The Miami Herald’s stories on sex trafficking charges against billionaire financier Jeffrey Epstein illustrate a counter-intuitive trend: Investigative journalism is thriving as the news media industry struggles.
In announcing new charges against Epstein 11 years after the financier secretly got a sweetheart deal from federal prosecutors in Florida to settle nearly identical allegations, New York prosecutor Geoffrey Berman said Monday that his team was “assisted by excellent investigative journalism.”
“It’s really gratifying,” Aminda Marques Gonzalez, president, publisher and executive editor of the Herald, said Tuesday. “You hope your work will have impact. It’s beyond your expectation to have your work cited as the basis for an arrest.”
While Berman did not cite the Herald by name, it was obvious he was referring to the work of journalist Julie K. Brown, who in a series of stories, including a big investigative piece last November, reported on at least 60 women who said they had been sexually abused by Epstein between 2001 and 2005, when they were minors. Eight agreed to be interviewed.
The Herald’s story, which Brown spent 18 months on, came as news organizations are finding that investigative work helps them stand out and is rewarding in a rough business climate. Recent examples include stories looking into Russia’s involvement in the 2016 election, Donald Trump’s behavior before and during his presidency and sexual misconduct by public figures.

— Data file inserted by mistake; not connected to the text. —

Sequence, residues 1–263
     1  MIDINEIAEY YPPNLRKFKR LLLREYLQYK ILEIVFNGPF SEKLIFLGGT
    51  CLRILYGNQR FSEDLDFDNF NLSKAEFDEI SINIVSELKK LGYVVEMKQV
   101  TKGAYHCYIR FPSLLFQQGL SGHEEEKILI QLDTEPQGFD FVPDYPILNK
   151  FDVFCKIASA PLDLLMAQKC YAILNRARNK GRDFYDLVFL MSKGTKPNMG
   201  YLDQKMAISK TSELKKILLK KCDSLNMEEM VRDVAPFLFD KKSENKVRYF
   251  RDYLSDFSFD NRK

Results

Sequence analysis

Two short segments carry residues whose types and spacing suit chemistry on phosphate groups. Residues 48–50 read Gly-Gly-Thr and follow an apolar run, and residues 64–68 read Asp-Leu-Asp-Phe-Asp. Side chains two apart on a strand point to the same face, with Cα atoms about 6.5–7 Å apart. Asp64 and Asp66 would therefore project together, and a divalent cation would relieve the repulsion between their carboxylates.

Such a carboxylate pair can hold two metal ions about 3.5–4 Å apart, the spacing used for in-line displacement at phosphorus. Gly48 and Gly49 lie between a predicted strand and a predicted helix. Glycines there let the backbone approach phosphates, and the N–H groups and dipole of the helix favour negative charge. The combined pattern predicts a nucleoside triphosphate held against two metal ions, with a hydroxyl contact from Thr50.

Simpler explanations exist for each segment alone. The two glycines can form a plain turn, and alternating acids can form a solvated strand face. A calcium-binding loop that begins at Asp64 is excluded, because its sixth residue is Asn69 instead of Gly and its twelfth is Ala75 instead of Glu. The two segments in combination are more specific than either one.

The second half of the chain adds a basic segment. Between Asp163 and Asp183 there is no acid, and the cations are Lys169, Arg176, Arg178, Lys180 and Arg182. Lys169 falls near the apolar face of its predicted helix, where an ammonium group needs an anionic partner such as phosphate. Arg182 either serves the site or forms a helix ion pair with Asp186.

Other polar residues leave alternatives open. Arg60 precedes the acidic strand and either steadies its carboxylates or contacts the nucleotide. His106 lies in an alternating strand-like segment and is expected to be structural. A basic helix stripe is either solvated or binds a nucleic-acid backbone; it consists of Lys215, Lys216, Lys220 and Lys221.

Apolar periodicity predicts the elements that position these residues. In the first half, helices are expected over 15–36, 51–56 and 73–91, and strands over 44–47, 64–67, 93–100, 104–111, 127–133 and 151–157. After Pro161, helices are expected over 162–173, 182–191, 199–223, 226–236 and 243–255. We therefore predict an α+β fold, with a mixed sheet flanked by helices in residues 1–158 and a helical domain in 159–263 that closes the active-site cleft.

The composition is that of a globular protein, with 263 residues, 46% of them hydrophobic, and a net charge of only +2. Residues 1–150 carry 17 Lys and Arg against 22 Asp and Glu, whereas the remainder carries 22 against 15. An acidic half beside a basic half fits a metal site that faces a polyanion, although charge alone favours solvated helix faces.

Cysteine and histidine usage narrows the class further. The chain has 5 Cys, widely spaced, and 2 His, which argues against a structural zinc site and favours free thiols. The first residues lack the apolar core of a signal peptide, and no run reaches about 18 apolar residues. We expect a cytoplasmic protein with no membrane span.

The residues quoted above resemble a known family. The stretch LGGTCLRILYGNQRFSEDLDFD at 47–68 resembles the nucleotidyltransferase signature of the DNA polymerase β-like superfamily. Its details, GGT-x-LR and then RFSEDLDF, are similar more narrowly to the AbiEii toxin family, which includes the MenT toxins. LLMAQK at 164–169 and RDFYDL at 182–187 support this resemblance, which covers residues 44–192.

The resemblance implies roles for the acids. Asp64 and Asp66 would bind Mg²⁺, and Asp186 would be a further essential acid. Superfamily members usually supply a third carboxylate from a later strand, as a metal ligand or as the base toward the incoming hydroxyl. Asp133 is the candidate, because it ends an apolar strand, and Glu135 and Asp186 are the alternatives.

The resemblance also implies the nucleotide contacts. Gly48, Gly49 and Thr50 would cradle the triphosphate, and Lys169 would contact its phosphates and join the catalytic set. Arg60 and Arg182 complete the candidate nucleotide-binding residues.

“It used to be said in this business that we couldn’t afford to do investigative journalism,” said Martin Baron, executive editor of the Washington Post. “Now we have to do investigative journalism. First of all, it’s at the core of what readers expect of us and increasingly, it’s at the core of our business model as well.”
Three weeks ago, the Post announced it was adding 10 new positions devoted to investigative journalism – increasing its staffing in this area from eight to 26 since the beginning of 2017.
The newspaper won a Pulitzer in 2018 for its revelations about sexual misconduct by Alabama Senate candidate Roy Moore. The Moore story was part of the Post’s “rapid-response” team; along with the traditional long-term projects, news organizations are seeking more nimble investigative teams that respond to breaking news.
Besides adding staff, Gonzalez said she has tried to establish a culture at the Herald where departments throughout the newsroom are pursuing enterprise projects. What she doesn’t want is an investigative team “isolated in a corner of the room, which used to be the case.”
The New York Times also has emphasized an investigative ethos across the newsroom. The Times won a 2019 Pulitzer for an exhaustive study of Trump family finances and, in 2018, shared a Pulitzer with The New Yorker for reporting on sexual misconduct.
“Broadly speaking, with the attacks on the press and on facts there has been a reinvigoration of the investigative mission of journalism,” said Matthew Purdy, deputy managing editor who oversees investigations at The New York Times. “I don’t mean just at the Times but across the industry. It’s sort of unmistakable.”